Friday, January 28, 2011

The Yale School of Drama presents Ruzante

I assume everyone is familiar with the groundbreaking comedic work of 16th century Venetian actor/playwright Angelo Beolco. Right? Neither was I. Fortunately, I can access Wikipedia articles from my phone, which is helpful research prior to seeing a show like last night's "Ruzante," based on the writings of Beolco.

The show was apparently a slight derivation from the Yale School of Drama's annual commedia play. This is a type of Italian genre with particular types of stock characters who wore masks. I'm still not entirely clear on how this was a derivaiton and not a straight commedia, as I have nothing to compare it to. Perhaps it has something to do with this show being, I supposed, adapted and sewn together from other translated writings? Not sure about that.

Anyway, the play -- and I believe the whole genre -- was characterized by linguistic humor (funny turns of phrases, misunderstandings and mistakes, etc.), as well as swearing and a bit of raunchy material, which of course was raunchier and more shocking in the mid 1500s than today. Unless I'm just hard/impossible to shock. This is the fourth drama school production I've seen this year, and they've all been radically different. You get a sense, given the context, that there's some inside winking going on in these productions, since they are ultimately and primarily exercises for students. We as the audience are seeing an attempt to learn, explore and experiment, as much as an attempt to entertain. That's a context that matters, and can actually make the experience more interesting and fun.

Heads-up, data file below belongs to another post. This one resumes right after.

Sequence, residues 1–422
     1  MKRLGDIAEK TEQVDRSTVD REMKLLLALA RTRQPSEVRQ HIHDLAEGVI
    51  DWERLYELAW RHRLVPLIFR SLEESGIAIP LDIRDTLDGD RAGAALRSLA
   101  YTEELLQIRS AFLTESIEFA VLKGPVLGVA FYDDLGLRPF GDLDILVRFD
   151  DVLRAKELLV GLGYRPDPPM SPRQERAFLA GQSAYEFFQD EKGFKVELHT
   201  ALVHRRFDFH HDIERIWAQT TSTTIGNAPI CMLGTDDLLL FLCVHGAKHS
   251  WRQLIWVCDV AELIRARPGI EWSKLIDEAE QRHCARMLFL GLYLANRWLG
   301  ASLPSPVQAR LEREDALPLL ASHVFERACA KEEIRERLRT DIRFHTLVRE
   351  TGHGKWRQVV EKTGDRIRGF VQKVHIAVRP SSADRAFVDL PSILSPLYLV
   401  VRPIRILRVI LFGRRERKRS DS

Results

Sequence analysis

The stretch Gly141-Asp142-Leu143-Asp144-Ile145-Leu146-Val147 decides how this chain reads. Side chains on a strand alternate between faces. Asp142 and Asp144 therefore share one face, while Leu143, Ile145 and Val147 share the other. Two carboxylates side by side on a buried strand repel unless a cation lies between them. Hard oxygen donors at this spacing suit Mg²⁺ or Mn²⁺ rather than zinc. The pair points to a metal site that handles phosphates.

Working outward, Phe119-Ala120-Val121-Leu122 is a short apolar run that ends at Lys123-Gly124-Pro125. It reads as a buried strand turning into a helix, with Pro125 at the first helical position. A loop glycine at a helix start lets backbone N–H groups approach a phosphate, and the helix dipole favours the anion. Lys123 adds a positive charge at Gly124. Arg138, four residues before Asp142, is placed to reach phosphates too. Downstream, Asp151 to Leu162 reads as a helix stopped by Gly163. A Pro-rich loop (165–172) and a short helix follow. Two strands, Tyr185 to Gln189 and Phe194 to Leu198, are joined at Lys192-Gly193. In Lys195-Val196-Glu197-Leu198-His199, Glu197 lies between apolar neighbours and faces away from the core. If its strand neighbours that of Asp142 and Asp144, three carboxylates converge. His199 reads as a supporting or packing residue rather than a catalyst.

Meanwhile, I'm mentally preparing to hike several blocks this morning and borrow some winter-weather gear in preparation for the ski trip this weekend, to Killington, VT. It'll be beautiful.

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